U.S. Grand Strategy for the 1990s and Beyond
RAND CORP SANTA MONICA CA
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The changes of 1989 imply a transformed U.S. global role, from leading a worldwide alliance against other power centers to helping other countries make the world a safer and a more prosperous place. These changes also suggest prompt examination of national objectives and goals, to assure that military resources necessary to support them are available. At a minimum, that means active forces adequate for territorial defense. Furthermore, the experience of the last 40 years testifies to some continued need for nuclear weapons and some form of global reach, the ability to punish at a distance. These changes justify modifications in force planning away from the worst contingency toward lesser and more likely regional conflicts. Aside from strategic forces and some capability to punish at a distance, that means planning for smaller and less ready heavy forces, plus more light forces and lift, and a healthy mobilization base against major contingencies. Choices break down into four possible future strategies 1 Retain the full range of mission capabilities 2 Rely mostly on collective security by preparing to engaging in combat operations only in cooperation with others 3 Confine U.S. military cooperation with others primarily to logistic and technical support or 4 Return to a modern version of the 1930s, maintaining a mobilization base against the worst contingencies.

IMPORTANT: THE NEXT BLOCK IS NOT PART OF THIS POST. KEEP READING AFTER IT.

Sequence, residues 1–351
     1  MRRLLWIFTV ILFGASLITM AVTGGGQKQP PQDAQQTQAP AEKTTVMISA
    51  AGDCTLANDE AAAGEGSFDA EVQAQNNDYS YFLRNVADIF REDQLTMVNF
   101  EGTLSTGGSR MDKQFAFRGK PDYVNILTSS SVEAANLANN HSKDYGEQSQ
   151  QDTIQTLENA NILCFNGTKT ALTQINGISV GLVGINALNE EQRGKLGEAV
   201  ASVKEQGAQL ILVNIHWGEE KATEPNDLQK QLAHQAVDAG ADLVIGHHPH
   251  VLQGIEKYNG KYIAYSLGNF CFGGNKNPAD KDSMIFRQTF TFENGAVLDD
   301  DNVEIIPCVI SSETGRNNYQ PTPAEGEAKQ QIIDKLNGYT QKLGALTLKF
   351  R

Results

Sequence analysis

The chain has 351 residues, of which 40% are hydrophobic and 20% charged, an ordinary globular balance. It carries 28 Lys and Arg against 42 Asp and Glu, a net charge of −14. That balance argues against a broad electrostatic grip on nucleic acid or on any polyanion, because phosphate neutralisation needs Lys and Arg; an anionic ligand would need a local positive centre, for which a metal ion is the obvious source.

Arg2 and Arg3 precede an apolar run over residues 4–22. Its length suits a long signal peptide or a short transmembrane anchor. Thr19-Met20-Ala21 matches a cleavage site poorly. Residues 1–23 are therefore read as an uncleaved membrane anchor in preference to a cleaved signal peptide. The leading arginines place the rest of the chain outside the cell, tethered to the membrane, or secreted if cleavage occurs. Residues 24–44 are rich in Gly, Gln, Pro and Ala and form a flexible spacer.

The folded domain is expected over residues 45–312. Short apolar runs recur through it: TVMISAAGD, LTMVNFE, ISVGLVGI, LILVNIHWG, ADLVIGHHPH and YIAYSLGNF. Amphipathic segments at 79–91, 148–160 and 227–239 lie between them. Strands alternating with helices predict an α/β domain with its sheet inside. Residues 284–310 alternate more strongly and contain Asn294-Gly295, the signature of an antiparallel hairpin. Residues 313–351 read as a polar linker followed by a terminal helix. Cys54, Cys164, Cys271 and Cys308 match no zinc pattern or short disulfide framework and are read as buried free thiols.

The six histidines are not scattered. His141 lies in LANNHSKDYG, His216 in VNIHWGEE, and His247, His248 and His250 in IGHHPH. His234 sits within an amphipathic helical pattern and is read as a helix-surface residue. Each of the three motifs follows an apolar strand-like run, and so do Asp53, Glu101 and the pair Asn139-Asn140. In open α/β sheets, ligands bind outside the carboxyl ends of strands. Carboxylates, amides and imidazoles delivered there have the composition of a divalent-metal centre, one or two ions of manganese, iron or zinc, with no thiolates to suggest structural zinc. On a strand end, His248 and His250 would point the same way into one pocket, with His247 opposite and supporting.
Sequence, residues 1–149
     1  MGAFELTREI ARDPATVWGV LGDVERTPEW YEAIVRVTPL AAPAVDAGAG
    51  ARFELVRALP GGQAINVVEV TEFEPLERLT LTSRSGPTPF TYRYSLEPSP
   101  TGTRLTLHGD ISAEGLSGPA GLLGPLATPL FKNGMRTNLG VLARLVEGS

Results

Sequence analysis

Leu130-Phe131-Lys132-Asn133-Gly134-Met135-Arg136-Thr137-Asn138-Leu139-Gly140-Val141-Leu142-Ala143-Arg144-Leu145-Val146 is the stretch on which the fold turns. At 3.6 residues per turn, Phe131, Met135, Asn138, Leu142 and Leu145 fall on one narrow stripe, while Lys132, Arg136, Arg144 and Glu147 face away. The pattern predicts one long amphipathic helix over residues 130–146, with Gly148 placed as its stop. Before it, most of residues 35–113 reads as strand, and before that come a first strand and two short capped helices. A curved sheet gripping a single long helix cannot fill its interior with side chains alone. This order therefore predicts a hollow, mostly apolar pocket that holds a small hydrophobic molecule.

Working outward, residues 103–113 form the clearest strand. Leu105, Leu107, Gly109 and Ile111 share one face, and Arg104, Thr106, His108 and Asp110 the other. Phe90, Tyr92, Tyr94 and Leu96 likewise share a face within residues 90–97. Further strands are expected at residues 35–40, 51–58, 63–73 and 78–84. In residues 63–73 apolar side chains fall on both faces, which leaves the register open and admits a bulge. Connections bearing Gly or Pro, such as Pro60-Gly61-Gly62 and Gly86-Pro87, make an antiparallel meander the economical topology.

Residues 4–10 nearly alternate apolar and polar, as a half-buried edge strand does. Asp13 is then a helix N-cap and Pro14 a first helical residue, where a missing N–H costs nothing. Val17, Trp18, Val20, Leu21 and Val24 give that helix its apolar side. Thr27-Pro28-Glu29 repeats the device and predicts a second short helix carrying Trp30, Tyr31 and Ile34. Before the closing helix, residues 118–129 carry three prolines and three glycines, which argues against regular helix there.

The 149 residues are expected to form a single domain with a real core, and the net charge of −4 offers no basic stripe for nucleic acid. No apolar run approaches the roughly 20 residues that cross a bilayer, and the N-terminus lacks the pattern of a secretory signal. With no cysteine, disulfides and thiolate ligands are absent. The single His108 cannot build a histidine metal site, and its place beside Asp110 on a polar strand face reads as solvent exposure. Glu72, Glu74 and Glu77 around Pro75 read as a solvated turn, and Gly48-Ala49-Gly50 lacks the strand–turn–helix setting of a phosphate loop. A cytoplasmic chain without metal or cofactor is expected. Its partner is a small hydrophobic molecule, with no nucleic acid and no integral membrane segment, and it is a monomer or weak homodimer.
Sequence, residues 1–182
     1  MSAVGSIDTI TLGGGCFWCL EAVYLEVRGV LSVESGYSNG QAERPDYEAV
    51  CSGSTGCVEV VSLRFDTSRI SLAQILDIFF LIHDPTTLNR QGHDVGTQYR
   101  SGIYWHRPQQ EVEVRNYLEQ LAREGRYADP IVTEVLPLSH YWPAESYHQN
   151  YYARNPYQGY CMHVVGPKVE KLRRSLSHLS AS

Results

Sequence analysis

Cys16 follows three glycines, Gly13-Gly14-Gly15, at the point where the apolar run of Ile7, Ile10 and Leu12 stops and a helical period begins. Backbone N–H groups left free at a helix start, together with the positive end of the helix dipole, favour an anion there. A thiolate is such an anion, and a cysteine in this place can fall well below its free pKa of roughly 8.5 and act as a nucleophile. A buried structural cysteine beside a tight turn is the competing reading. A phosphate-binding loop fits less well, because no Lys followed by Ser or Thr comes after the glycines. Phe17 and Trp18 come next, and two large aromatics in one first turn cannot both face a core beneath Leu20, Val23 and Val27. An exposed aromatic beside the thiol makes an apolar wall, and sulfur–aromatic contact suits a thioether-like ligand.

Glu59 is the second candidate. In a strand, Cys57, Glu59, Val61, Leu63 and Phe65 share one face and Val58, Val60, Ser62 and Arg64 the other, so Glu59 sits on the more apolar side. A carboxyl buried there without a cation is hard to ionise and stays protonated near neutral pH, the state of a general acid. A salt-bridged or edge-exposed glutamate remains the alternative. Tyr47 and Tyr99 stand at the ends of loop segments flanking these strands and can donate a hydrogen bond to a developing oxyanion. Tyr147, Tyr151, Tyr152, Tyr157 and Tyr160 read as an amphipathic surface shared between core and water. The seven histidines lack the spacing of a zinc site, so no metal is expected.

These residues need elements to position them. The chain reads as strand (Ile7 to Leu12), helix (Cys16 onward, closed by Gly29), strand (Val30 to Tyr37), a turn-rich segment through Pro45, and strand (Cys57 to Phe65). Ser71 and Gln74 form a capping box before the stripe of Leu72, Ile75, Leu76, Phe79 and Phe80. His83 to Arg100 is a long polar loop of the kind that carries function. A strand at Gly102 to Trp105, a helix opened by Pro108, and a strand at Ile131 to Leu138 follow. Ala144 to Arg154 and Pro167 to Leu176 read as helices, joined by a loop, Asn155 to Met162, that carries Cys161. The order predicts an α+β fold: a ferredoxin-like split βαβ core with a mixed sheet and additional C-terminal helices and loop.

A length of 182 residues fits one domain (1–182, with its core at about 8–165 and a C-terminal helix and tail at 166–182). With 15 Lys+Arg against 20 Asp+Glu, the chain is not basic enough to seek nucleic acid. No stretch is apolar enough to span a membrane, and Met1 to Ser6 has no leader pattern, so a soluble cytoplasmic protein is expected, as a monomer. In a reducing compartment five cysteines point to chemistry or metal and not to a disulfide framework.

- Military Forces and Organizations
- Military Operations, Strategy and Tactics